Fear Of Redundancy Is a Rotten Motivator

Keeping Your Employees on a Knife Edge is Completely Unfair

Fear of job loss
The fear of redundancy. Getty Images

When it comes to advertising, design, and creativity in general, one word that should be banished from the lexicon is redundancy.

Fear in itself is not a bad thing in advertising. While creatives should never fear failure, there should be a healthy dose of fear instilled in the art director and copywriter team to do great work. Otherwise, they can become complacent, and start throwing out mediocre ideas.

However, fearing the loss of their job, that’s something else entirely. If the agency has recently lost a client, you owe it to the staff to keep them updated on the situation. These are people with lives, and families. They deserve the truth.

But worse than layoffs forced upon the agency by the loss of clients, is something far more underhanded and unnecessary - reorganization.

As far back as 1957, historian Charlton Ogburn had this to say about it:

We trained hard, but it seemed that every time we were beginning to form up into teams we would be reorganized. Presumably the plans for our employment were being changed. I was to learn later in life that, perhaps because we are so good at organizing, we tend as a nation to meet any new situation by reorganizing; and a wonderful method it can be for creating the illusion of progress while producing confusion, inefficiency, and demoralization.”

Basically, when you reorganize a business, you are bringing about chaos, fear, and a massive loss in morale. Reorgs, as they’re called, always come with redundancies and layoffs, too. So, when the whispers hit the water coolers about a potential reorganization coming down the pike, management has to ways to approach it: address it, or ignore it.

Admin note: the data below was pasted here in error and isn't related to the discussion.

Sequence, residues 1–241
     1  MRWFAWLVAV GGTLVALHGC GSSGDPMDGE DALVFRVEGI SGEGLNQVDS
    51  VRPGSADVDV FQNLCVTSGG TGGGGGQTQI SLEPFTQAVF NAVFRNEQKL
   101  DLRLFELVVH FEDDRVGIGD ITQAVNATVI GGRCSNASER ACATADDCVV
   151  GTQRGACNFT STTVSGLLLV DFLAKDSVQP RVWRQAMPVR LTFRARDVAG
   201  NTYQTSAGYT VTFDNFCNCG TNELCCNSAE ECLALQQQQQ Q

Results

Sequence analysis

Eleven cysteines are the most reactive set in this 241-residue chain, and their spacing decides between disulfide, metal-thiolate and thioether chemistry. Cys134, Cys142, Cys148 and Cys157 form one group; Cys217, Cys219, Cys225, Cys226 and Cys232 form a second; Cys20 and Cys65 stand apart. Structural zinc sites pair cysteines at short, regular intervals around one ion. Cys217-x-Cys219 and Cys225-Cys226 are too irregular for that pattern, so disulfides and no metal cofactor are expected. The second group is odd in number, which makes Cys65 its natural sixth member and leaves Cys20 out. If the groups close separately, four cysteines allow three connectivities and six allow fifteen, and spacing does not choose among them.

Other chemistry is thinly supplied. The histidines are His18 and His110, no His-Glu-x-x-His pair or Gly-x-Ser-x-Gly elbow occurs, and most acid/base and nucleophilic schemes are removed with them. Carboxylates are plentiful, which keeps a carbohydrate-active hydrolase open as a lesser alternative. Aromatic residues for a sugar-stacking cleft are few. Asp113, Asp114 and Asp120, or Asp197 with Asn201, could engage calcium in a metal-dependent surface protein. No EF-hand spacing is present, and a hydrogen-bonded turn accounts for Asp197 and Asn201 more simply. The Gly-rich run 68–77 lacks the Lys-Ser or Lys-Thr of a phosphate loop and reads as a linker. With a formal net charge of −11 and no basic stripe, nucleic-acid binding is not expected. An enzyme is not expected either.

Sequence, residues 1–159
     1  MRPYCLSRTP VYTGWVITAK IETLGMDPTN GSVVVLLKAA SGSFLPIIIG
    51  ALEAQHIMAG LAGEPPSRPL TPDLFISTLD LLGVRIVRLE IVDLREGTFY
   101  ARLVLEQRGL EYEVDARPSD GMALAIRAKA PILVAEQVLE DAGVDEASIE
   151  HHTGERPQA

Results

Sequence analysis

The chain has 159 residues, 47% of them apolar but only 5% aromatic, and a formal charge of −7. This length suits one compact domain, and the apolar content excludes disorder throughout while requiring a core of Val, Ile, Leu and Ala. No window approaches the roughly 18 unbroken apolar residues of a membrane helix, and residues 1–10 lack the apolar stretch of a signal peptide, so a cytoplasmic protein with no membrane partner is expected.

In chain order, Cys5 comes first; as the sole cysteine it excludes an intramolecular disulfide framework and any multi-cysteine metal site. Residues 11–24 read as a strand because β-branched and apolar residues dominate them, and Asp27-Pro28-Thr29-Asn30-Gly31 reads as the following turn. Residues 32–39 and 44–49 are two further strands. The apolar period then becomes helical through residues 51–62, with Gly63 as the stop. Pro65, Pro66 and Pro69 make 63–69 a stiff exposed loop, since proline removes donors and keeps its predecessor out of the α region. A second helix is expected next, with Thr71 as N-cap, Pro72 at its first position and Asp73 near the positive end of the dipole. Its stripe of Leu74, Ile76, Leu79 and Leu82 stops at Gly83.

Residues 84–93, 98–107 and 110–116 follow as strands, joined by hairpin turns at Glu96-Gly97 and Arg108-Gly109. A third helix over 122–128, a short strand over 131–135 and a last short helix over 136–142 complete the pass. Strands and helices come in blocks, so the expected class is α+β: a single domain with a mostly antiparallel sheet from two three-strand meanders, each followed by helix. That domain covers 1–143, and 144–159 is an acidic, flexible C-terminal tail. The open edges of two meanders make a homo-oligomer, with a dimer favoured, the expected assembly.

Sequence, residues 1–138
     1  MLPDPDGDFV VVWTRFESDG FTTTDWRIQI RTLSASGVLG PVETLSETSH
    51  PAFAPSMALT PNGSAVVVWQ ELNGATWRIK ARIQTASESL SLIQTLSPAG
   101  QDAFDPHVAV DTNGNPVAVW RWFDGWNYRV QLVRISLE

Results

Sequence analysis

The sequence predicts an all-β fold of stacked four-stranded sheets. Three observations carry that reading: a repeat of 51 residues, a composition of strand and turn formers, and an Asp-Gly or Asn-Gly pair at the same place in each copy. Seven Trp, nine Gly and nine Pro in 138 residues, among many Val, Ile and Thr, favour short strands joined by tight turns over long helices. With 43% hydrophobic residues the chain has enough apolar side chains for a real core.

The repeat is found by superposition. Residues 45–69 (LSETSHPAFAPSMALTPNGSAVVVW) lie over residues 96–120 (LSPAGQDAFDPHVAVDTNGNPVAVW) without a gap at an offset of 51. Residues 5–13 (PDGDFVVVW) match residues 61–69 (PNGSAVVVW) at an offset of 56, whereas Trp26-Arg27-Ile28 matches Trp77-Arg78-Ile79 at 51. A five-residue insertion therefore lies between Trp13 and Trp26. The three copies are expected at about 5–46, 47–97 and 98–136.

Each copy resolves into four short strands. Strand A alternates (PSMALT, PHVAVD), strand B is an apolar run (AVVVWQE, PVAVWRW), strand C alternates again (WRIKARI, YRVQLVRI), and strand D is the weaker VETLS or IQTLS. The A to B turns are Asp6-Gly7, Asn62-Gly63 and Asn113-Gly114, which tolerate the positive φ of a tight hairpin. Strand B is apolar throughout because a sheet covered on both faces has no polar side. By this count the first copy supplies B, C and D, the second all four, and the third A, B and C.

Sadly, the latter is the chosen method, and it instills and huge feeling of uncertainty and fear in everyone who works in the building.

Now, no one is saying that businesses do not have a right to reorganize if there is something fundamentally wrong. If it is essential, then it must be done. BUT, it must be handled correctly.

If you know, for instance, that an employee is going to lose his or her job in six months’ time, you have a duty to let them know as soon as possible. Finding another job in this market, and in this profession, could easily take six months anyway. Yes, that person may find a job sooner rather than later, and leave before you have finished with them. However, that’s only fair. They are not going to be doing a good job anyway if they fear being laid off. Far better to tell them when you know, and be a good manager.

However, if you leave the situation unchecked, the fear and uncertainty will spread throughout the agency like a cancer. Soon, everyone will be afraid. You will have people you depend upon, and who are in no danger of losing their jobs, putting their duties to one side so that they can start job hunting.

Gossip will become toxic. Every meeting you call will bring about heart palpitations and high anxiety.

The whole organization will cease to function effectively. And all because there is a rumor that a reorg is coming.

So, moving forward, here is what you must do.

If you are planning to reorg your department, or the whole company, call a meeting and let people know as soon as you possibly can. Yes, you will need to speak to HR if your company is big enough to warrant an HR department.

Talk to the individuals who you are planning to move, promote, demote, or most importantly, let go. They deserve it.

And finally, if there are no plans to reorg, or your plans are minimal, let everyone know too! A simple email can do the trick.

The sooner you address it, either way, the better off you will be. Fear of redundancy will never motivate people to do a better job; quite the opposite.